Social Snapshot: UK retail and social media (Part 1: Casual Outdoor Fashion)

This marks the inauguration of our sector-by-sector examination of how well businesses are really performing in terms of social media.

With high street retailers closing down at an alarming rate, we felt the time was right to examine how some of the major players are performing in terms of social media. In the first of our snapshots, we look at the casual outdoor fashion sector, namely Fat Face, White Stuff, Joules, Superdry and Crew Clothing.


The first thing we learnt was that not one retailer in our sample had what we would define as a complete social media strategy – one that joins up and efficiently covers off owned, paid and earned media. But credit where credit’s due, each company has made a significant effort to try and make a success out of social media.

To get a general picture of the social media performance of the chosen retailers we looked at audience size, engagement, customer service, information and promotion techniques. We’ve also had a greater look at how Facebook is being used, and with Google+ now in the mix, we’ve also had a look at its impact.


The size of your social media audience, although not the defining metric of success, is a good indication of whether activities are working or not. Superdry, the only true international retailer in our sample, managed a following of over 323,000 Facebook fans and over 17,000 Twitter followers. Fat Face and Joules can also feel proud, with over 33,800 and 83,000 Facebook fans and over 6,000 and 8,000 Twitter followers respectively.

Crew Clothing, on the other hand, has achieved just shy of 4,000 Facebook fans and White Stuff, which has only just refreshed its social media strategy, has just over 1,000 fans. On Twitter, both these retailers have around 1,000 Twitter followers. That’s surprising for a sector which appeals to a wide audience of active and enthusiastic consumers.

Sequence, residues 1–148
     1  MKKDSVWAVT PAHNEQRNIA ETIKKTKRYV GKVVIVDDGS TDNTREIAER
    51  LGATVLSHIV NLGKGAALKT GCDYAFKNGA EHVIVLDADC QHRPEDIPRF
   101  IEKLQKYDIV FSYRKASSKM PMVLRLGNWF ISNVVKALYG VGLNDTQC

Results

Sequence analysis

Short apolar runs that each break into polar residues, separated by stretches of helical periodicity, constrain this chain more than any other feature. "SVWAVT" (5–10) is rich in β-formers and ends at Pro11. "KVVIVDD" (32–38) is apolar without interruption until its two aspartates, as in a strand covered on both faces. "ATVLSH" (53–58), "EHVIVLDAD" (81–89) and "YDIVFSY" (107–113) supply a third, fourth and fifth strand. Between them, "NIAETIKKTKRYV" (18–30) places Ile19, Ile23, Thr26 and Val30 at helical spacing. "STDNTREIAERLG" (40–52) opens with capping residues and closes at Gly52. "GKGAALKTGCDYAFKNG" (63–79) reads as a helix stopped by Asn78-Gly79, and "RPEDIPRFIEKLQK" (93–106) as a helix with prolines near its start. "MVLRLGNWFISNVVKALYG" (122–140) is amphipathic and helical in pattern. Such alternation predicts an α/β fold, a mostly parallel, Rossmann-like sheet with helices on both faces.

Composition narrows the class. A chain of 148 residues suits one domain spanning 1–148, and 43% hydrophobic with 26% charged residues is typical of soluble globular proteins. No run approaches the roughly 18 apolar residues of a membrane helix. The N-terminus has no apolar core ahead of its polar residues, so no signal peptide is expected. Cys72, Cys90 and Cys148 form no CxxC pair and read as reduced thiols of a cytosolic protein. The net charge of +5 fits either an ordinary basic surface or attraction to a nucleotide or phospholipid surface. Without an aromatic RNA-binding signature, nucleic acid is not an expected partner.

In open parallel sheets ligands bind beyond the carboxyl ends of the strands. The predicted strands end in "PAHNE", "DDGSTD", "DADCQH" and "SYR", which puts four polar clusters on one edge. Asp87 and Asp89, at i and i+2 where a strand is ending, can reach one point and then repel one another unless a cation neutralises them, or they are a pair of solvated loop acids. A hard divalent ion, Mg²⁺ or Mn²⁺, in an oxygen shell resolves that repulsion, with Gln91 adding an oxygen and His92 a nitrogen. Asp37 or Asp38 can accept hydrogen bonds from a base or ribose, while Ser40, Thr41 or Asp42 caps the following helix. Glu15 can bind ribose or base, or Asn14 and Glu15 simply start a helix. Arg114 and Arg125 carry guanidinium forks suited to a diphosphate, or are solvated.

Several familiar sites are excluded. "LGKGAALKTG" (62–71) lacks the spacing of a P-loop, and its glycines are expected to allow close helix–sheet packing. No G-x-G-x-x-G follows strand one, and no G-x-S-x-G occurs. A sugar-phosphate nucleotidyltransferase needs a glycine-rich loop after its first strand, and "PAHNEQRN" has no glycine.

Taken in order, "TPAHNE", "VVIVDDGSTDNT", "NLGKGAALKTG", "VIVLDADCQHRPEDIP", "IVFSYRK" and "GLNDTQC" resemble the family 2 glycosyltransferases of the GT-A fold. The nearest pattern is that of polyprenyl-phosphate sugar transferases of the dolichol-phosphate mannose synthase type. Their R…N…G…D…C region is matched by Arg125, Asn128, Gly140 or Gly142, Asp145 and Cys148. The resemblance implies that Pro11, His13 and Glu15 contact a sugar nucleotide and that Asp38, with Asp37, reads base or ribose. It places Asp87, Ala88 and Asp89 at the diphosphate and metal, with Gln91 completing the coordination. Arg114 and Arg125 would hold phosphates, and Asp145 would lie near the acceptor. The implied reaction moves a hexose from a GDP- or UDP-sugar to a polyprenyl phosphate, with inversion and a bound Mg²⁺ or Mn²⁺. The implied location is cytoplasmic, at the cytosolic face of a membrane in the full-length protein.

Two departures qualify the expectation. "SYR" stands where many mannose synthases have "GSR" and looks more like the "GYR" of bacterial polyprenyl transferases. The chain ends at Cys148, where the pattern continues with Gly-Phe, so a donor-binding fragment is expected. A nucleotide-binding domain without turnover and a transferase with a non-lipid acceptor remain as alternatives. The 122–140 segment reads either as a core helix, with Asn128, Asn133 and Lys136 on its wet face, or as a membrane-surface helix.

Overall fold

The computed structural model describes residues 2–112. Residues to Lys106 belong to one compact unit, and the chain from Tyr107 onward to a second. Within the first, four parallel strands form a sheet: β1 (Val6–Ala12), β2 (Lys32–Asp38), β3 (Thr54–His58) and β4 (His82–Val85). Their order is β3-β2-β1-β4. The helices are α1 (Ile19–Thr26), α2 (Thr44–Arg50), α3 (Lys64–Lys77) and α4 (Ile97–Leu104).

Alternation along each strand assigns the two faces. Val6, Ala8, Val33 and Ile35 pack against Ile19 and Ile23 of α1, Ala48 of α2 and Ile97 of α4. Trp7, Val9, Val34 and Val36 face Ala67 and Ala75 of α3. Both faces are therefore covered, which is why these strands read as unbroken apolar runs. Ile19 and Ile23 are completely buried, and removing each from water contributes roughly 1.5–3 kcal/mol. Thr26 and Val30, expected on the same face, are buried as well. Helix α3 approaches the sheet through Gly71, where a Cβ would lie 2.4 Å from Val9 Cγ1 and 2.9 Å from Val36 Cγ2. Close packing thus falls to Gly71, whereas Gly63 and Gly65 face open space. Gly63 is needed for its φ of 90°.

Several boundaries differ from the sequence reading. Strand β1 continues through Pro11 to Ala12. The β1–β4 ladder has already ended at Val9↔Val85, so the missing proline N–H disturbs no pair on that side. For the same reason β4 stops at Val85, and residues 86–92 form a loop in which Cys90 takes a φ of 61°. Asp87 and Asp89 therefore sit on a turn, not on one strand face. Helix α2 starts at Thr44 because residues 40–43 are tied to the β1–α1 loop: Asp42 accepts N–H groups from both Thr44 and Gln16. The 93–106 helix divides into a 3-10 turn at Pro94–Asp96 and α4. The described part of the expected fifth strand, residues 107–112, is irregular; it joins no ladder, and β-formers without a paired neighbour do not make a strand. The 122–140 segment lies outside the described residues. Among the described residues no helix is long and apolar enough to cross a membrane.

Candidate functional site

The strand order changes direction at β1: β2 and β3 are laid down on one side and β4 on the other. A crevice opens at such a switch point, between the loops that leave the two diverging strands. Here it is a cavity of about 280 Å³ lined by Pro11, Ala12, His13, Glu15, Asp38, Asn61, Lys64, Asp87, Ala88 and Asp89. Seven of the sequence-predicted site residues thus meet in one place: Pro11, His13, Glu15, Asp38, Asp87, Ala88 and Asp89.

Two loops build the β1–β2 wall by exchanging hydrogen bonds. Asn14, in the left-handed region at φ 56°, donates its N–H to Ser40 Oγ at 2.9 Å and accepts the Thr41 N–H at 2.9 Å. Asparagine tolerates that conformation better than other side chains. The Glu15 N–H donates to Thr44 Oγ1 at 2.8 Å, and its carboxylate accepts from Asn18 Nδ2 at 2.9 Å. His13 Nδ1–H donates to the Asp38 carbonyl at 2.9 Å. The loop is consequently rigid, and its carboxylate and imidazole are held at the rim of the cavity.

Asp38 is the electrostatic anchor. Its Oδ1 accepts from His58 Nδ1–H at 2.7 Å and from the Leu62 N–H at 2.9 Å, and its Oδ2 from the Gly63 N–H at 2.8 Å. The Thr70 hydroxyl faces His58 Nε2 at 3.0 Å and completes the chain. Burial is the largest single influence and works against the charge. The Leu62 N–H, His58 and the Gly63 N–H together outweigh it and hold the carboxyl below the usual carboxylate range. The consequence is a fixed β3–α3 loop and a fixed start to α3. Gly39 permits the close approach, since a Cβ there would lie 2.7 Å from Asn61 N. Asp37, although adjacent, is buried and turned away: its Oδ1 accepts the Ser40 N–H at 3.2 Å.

Our retailers performed well when it comes to engagement, with all brands active on walls and having genuine consumer dialogue through Tweets. It’s crucial to get the tone right by striking a balance between being promotional and personable. Happily, the retailers in this study are, in our view, managing this.

With the exception of Crew Clothing, each of our brands had also taken the plunge with YouTube channels and has achieved a respectable level of video views.


Our sample group is generally quick to respond to customer questions and issues, but there is a mixed approach in resolving these issues. On Twitter, for example, Fat Face is the only brand to have a separate handle (@FatFaceCrew) to reply to customer issues. Without this, the other brands have their customer service responses diluting the positive dialogue they are having with their wider following.

Likewise, on Facebook there is also a need to smooth out the issue resolution process. There should be the realisation that customers are often reluctant to give their personal details online and that it is important to ensure that it doesn’t become a public slagging match. By providing an email address for customers to take it off line, retailers can look to resolve any customer gripe away from prying eyes.